The Best Face SPFs For Every Skin Type

You will have heard it a million times before: wearing a face SPF every day is key to healthy – and healthy-looking — skin. A good sunscreen blocks the harmful effects of the sun’s UVA and UVB rays, which wreak havoc on the health of our skin and its cells, leading to decreased collagen and elasticity, fine lines, pigmentation, and an increased risk of skin cancer if an SPF is not used. 

Historically, SPFs have been sticky and greasy, quick to clog pores, and prone to imparting a grey hue over darker skin tones. The good news is that now, thanks to much-improved formulas and innovative technology, there are plenty of facial sunscreens that protect your skin while also being a pleasure to use. Look for formulas that have both UVA and UVB protection (find out more about sun protection here), a minimum of SPF 30, and a formula that suits your skin’s specific needs. 

Another factor to consider in your sunscreen selection is its effect on the environment. While the science around exactly how damaging sunscreen is to our oceans is inconclusive, what ingredients should we be looking out for to make the best choice possible? Here, the marine biologist Professor Cinzia Corinaldesi from the Università Politecnica delle Marche and Dr Anjali Mahto, consultant dermatologist at Skin55, provides a five-step guide.

Avoid oxybenzone and octinoxate

The main chemicals to watch out for are oxybenzone and octinoxate, which are commonly used in sunscreen to absorb UV light. “We [have] demonstrated that oxybenzone, octinoxate and enzacamene caused complete coral bleaching even at very low concentrations,” says Professor Corinaldesi. Octocrylene is another chemical that’s potentially harmful to marine life, with the Haereticus Environmental Laboratory compiling a handy list of the ingredients we should try to avoid.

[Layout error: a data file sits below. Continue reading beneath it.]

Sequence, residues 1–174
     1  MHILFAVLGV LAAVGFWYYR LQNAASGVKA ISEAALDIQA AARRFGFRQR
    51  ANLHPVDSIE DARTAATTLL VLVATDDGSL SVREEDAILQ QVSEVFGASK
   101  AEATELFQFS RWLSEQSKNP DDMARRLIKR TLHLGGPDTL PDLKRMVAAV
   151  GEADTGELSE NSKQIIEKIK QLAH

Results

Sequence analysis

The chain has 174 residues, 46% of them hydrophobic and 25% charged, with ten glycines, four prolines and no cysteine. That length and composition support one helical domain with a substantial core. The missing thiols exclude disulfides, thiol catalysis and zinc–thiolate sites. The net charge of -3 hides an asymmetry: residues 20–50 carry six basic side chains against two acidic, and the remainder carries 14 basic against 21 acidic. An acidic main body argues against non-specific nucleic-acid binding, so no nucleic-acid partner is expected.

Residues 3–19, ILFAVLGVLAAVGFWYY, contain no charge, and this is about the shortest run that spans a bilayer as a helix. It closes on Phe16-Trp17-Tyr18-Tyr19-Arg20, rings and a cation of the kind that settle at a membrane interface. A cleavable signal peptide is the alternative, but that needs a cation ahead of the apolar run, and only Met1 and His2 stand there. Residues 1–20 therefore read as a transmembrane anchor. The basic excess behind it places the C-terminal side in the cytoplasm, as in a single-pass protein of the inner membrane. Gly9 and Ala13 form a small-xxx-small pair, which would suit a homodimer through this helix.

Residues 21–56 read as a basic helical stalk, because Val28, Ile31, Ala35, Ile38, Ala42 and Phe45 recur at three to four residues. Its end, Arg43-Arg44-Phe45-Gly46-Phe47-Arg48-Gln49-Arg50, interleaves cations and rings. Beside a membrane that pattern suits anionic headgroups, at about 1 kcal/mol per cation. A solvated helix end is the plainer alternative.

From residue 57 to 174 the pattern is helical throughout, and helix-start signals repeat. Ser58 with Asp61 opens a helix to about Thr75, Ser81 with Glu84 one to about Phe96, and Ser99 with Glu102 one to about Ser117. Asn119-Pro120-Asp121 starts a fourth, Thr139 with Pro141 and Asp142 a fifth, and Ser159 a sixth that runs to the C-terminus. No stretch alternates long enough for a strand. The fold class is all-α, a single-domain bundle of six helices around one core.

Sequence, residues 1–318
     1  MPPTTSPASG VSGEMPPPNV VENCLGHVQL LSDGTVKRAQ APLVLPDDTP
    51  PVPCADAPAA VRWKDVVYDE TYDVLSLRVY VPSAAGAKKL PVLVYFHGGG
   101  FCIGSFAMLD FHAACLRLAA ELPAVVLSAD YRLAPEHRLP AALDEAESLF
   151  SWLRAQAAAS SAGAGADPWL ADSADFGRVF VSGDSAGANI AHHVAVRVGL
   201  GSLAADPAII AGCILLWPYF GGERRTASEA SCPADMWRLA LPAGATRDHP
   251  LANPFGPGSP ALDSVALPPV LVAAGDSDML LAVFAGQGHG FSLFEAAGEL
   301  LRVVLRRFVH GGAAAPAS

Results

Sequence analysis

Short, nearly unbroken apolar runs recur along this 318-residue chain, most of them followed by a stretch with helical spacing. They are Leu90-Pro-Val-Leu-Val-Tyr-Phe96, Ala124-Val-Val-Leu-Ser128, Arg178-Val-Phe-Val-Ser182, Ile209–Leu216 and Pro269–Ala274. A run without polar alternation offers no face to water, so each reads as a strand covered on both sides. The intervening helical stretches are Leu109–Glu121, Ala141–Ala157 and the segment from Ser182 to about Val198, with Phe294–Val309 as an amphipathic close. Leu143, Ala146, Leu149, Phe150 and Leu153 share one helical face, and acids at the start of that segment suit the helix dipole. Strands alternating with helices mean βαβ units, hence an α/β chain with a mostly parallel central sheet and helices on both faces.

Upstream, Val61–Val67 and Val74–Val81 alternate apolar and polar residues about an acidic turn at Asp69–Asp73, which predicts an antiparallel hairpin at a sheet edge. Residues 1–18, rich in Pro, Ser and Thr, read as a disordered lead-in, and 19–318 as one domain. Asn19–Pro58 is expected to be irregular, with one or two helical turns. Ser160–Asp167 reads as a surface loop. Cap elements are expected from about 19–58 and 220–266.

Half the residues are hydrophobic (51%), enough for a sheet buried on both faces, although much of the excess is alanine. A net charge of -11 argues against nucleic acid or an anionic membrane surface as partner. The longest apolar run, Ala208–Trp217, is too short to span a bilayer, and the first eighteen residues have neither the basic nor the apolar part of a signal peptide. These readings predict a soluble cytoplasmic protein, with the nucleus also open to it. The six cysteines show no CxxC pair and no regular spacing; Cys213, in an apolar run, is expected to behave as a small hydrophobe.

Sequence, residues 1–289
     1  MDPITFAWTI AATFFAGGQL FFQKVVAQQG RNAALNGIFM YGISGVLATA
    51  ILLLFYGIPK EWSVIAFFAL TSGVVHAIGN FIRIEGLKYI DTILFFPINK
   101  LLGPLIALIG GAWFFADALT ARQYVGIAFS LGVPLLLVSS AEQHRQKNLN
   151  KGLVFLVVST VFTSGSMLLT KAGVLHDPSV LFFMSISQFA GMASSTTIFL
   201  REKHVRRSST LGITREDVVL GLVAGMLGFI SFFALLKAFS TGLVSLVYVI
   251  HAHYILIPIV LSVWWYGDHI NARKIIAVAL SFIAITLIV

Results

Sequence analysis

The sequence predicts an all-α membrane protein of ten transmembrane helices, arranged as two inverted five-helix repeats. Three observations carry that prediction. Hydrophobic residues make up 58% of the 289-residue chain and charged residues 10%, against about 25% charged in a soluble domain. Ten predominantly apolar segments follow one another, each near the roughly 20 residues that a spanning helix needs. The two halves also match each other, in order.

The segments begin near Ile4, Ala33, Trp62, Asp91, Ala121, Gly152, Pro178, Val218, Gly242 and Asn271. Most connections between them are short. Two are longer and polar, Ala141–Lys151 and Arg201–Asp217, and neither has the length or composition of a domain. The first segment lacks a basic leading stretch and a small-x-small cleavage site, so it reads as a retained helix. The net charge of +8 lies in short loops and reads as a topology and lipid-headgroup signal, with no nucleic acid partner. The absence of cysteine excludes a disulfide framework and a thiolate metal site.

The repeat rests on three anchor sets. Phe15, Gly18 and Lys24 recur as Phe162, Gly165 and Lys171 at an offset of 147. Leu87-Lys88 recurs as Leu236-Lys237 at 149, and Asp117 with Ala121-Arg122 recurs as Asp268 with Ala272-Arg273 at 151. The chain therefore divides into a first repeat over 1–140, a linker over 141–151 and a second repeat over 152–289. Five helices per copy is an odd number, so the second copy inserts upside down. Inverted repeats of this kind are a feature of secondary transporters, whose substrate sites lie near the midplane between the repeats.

“Certain organic filters have been identified in water sources worldwide and there seems to be a suggestion that they are not easily removed by common wastewater techniques,” adds Dr Mahto. “Many of the filters have also been found in various species of fish worldwide — the impact of this is uncertain on the food chain.” 

Opt for a mineral sunscreen instead

Mineral sunscreens, which typically contain zinc oxide and titanium dioxide, are thought to be less harmful to coral reefs in comparison to their chemical counterparts. “Mineral sunscreens rely on inorganic filters, which form a physical barrier on the skin surface,” explains Dr Mahto. 

It’s worth remembering, though, that some research suggests zinc oxide can also pose a danger to marine life. “Our studies indicate that zinc oxide nanoparticles are very harmful to marine organisms,” says Professor Corinaldesi, but adds that titanium dioxide with surface coatings — as found in Green People’s scent-free SPF 30 — “has a much lower impact on coral reefs”. 

Look for non-nanoparticles 

Particle size matters, too. While nanoparticles can be absorbed by coral reefs, research suggests that larger non-nanoparticles (a label you’ll see on lotions) are better for the environment. Ren’s Clean Screen Mineral SPF 30 uses non-nano zinc oxide, while Stream2Sea’s sunscreens contain non-nano titanium oxide. “Consumers should look out for sunscreens that use non-nanoparticles because nanoparticles of titanium dioxide and zinc oxide are expected to be more harmful to marine organisms than non-nanoparticles,” explains Professor Corinaldesi. 

Read beyond the ‘reef-safe’ or ‘ocean-safe’ labels